The Bitcoin Cash (BCH) community has seen increasing development activity in recent months, coinciding with rapid development in the technical infrastructure underpinning BCH—the true remaining Bitcoin as envisioned by the Satoshi Nakamoto whitepaper.
The cryptocurrency has already attracted significant interest from wallet providers and exchanges, with numerous other developers working on their own unique protocols derived from the BCH blockchain.
We’ve listed five new, unique development tools available for BCH developers, providing a framework for programmers to contribute their own ideas to developing the BCH ecosystem.
Early this week, nChain—one of the influential tech groups leading the development of BCH—launched version 1.0 of its Nakasendo software development kit (SDK).
The SDK provides a cryptographic library that will enable more flexible key generation and sharing. The library incorporates nChain’s two patent-pending assets: deterministic key generation and secure split key technique. These two assets will help ensure the security of private keys and digital wallets as a whole, protecting users and businesses from potential Mt. Gox-like attacks.
Nakasendo is available for free usage on Bitcoin Cash blockchain under the nChain Open Bitcoin Cash License. The SDK, however, can be used on any blockchain—or even any type of digital wallet, product, application, where access to a digital asset, resource or communication is needed, according to nChain Group CEO Jimmy Nguyen.
Coinbase CashAddr support for Ruby apps
On Tuesday, Coinbase engineer Josh Ellithorpe announced on Twitter the launch of his open source project, which is a Bitcoin Cash CashAddr library for the Ruby coding language.
— Josh Ellithorpe (@zquestz) April 18, 2018
The project describes itself as a “library to convert between base58 and CashAddr BCH addresses,” essentially making it easier for Ruby software developers to implement the CashAddr format. CashAddr is a serialization protocol for naming addresses within the Bitcoin Cash network makes the addresses distinctively recognizable, and, in the process, helps avoid human errors as well as provide extensions for future functionalities currently being developed for the network.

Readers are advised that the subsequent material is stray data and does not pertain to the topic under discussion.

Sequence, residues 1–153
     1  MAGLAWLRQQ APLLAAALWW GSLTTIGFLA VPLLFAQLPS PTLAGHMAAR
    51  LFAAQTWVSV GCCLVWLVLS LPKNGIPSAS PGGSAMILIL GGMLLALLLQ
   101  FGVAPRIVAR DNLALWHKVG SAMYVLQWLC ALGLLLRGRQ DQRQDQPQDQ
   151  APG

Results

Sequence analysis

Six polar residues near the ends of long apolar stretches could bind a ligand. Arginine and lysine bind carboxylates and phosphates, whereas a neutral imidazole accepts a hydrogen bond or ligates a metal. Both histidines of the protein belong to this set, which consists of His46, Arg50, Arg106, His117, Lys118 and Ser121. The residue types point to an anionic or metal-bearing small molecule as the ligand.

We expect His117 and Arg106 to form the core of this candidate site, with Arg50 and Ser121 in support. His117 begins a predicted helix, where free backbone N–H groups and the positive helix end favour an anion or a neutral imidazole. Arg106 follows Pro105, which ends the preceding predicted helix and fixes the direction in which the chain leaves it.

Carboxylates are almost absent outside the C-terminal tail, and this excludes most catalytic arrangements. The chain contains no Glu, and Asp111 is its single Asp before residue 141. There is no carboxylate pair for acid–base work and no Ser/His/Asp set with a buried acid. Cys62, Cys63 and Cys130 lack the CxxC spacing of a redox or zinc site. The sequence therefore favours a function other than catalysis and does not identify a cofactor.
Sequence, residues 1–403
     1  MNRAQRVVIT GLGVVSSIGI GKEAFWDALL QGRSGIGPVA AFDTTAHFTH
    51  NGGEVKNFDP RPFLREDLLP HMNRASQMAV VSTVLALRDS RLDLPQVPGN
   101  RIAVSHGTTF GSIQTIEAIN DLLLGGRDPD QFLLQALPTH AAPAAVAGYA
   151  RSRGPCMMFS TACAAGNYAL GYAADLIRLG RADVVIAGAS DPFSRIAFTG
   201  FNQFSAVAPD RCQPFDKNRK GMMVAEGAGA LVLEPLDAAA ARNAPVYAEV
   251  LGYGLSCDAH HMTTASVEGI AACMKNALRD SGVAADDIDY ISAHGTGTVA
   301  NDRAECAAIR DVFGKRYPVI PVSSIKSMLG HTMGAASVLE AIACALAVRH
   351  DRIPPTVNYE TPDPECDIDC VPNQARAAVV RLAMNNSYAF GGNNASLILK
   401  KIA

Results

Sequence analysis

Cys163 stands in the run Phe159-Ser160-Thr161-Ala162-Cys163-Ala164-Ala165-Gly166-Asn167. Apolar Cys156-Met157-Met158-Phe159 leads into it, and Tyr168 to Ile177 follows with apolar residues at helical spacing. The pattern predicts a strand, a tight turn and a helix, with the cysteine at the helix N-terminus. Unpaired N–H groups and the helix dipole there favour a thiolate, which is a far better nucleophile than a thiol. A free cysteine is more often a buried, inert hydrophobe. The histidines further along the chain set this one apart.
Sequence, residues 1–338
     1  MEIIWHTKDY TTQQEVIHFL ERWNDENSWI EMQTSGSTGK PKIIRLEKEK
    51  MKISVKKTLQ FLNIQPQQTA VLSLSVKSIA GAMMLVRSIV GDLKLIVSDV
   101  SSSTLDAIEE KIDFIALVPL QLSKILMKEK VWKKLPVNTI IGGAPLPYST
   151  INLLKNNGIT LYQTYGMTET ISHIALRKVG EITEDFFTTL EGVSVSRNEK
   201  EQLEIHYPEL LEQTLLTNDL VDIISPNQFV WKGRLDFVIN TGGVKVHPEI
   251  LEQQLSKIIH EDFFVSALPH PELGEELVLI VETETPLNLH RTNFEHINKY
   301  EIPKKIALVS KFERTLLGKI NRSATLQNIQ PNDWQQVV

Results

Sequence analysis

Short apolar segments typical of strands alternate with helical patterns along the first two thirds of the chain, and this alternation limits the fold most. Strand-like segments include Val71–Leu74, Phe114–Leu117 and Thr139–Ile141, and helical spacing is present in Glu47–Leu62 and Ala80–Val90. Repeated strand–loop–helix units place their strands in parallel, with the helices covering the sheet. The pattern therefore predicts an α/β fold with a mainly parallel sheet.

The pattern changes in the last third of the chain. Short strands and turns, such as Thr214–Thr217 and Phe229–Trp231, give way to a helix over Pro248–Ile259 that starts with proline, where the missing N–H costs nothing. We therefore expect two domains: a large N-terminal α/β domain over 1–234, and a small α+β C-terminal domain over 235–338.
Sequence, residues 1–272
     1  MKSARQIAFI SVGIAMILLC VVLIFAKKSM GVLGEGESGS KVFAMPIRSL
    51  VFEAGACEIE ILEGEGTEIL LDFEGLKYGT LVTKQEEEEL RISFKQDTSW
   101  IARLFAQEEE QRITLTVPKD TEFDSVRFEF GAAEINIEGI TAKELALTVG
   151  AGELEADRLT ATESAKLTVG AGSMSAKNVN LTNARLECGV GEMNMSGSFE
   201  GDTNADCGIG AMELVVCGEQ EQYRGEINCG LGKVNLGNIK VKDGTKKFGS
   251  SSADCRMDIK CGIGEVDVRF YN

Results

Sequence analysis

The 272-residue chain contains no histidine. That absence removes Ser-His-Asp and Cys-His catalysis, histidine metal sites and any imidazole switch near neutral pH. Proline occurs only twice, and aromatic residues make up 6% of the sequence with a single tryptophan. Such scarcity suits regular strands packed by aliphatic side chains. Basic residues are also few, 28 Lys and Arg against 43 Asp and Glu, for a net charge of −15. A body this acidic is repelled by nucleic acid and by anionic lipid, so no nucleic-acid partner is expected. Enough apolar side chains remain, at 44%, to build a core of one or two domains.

Flowee provides an interface between the BCH network and external apps, via its simple API. The technology allows for interactions between applications and the Bitcoin BCH blockchain, providing the rails for developers to bring their ideas to BCH.
The Flowee team describes their technology as ‘the lowest level of the stack’, which powers top-level applications that interact with the BCH blockchain, saying: “In the hub, we process all those bitcoin data structures and as such, this is the lowest level of the stack where end-user bitcoin applications make the top-level of the stack.”
The open source project’s hub offers a network-based API that enables “fast processing of huge amounts of data in a bi-directional manner.”
“A quick example is that a tool can connect to the Hub and subscribe to a specific bitcoin address. The connection stays open and when a payment comes in for that address the hub will send a notification to the user,” according to the Flowee website.
An alternative to Flowee in providing the essential building blocks for BCH applications is BitBox. BitBox allows developers to create applications in single commands, with dozens of different utility methods at developers’ disposal.
It allows anyone to simply create their own BCH blockchain, for development, testing and experimentation, as well as providing an effective mechanism for building blockchain apps.
According to their introductory text, “the command line utility lets you quickly stub out an application with web bindings and tests as well as a console with the entire BCH RPC available.
“Your own Bitcoin Cash blockchain to configure however you choose. This blockchain is created from scratch each time you start Bitbox. It doesn’t connect to the real network and only consists of transactions and blocks which you create locally so it’s quick and responsive. Execute commands from the command line and client/server.”
Created by a fork from the original bitcoin.j protocol, bitcoin.J.cash allows developers to write code compatible with the web and HTML, in what is fast becoming one of the favoured methods of developing for BCH.
The codebase is easy to use, and allows for a sandbox wallet for both send and receive, without requiring a full node implementation. As such, it’s arguably the most lightweight method of developing applications for the technology.
The library’s readme text was quoted by news.bitcoin.com saying: “This project implements Bitcoin Cash signature algorithm. It is based on bitcoin.j and forked from PR-1422.”